State News

DNR shifts government control over farm regulations

The state Department of Natural Resources, which operates state park sites and sets environmental regulations throughout Wisconsin, announced controversial new permit acquisition rules last month.

Image By: Julia Gilban-Cohen- Cardinal File Photo

Split between university-centered cities and vast dairyland, state leaders are moving to reformat environmental regulations, which protection-minded activists said they find troubling.

Last month, the state Department of Natural Resources moved to privatize permit acquisition, proposing what DNR Secretary Cathy Stepp, in an opinion editorial on the agency’s website, called “assurance programs” which she explained would increase independent information sourcing, relieving the agency until the final step.

While staff rates dwindle, the DNR is crafting methods to deal with budget cuts, redirecting positions and reorienting systematic structures, inducing environmentalist’s anxieties.

Since her appointment by Gov. Scott Walker in 2011, Stepp’s actions drew criticism from conservationist groups. The Wisconsin Wildlife Federation’s executive director George Meyer told WPR he believes state lawmakers should subsidize environmental permit staff by enabling the DNR to raise permit fees.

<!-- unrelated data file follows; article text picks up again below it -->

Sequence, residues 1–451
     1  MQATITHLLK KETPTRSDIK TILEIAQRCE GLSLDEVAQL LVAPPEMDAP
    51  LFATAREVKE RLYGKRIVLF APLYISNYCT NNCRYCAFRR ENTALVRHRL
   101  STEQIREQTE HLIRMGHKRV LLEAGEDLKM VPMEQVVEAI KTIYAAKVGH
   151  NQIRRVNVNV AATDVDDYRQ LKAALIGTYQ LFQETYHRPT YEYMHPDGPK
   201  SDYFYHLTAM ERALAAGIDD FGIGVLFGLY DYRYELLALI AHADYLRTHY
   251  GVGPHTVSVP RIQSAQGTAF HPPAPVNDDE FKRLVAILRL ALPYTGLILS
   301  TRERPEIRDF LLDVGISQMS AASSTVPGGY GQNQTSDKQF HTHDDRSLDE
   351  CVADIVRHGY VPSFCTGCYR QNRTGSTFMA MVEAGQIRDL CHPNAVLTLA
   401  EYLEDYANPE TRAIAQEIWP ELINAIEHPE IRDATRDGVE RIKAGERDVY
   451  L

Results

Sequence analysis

In an effort to streamline bureaucracy, officials say the modifications are intended to steer farm and business owners to the private-sector for property evaluation.

“We want to focus on compliance rather than the paperwork part of the process,” Mark Aquino, director of the Office of Business Support and External Services told the Milwaukee Journal-Sentinel.

Concerned by conflicts of interest, Harvey M. Jacobs, a professor of urban and regional planning at UW-Madison, stressed the vital balance of a strong private and public sector.

“[W]hen one gets too strong relative to the other, you begin to have mistakes and abuses,” said Jacobs.

Stepp emphasized the independent origin of the changes, promising results of only strength and efficiency, chiefly for large farm operations.

These trends have taken place over several years. Mike McCabe, then-director of the Wisconsin Democracy Project, voiced similar concerns in 2014.

“Now, [the DNR is] much more focused on accommodating businesses rather than aggressively protecting natural resources,” McCabe said at the time.

Distressed citizens and environmental groups, in the past, could petition the U.S. Environmental Protection Agency to intervene in state processes. However, the coinciding election of Scott Pruitt to run the EPA—a figure with “much more state-authority approach” than his predecessors—could discourage oversight expression, according to UW-Madison associate law professor Stephanie Tai.

Along with other departmental recalibrations, permit alterations will be implemented over the next two years.

“We also intend to continue seeking feedback so we can respond nimbly if changes are needed along the way." Stepp said.

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